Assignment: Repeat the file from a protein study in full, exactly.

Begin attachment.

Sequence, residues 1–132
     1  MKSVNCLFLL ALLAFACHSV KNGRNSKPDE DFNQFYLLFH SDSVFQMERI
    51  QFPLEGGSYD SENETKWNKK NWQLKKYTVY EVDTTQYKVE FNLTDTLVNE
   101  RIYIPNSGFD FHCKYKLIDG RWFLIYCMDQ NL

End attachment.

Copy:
Sequence, residues 1–132
     1  MKSVNCLFLL ALLAFACHSV KNGRNSKPDE DFNQFYLLFH SDSVFQMERI
    51  QFPLEGGSYD SENETKWNKK NWQLKKYTVY EVDTTQYKVE FNLTDTLVNE
   101  RIYIPNSGFD FHCKYKLIDG RWFLIYCMDQ NL